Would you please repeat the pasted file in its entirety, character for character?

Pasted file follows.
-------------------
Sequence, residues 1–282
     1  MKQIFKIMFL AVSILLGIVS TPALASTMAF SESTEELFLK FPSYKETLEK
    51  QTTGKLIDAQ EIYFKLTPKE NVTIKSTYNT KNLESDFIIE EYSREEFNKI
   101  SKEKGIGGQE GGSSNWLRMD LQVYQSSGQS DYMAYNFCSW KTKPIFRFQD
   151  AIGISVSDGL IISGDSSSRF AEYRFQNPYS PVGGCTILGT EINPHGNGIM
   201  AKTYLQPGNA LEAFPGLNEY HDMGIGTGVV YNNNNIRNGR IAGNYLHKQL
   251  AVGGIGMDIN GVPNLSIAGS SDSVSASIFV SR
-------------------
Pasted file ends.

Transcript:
Sequence, residues 1–282
     1  MKQIFKIMFL AVSILLGIVS TPALASTMAF SESTEELFLK FPSYKETLEK
    51  QTTGKLIDAQ EIYFKLTPKE NVTIKSTYNT KNLESDFIIE EYSREEFNKI
   101  SKEKGIGGQE GGSSNWLRMD LQVYQSSGQS DYMAYNFCSW KTKPIFRFQD
   151  AIGISVSDGL IISGDSSSRF AEYRFQNPYS PVGGCTILGT EINPHGNGIM
   201  AKTYLQPGNA LEAFPGLNEY HDMGIGTGVV YNNNNIRNGR IAGNYLHKQL
   251  AVGGIGMDIN GVPNLSIAGS SDSVSASIFV SR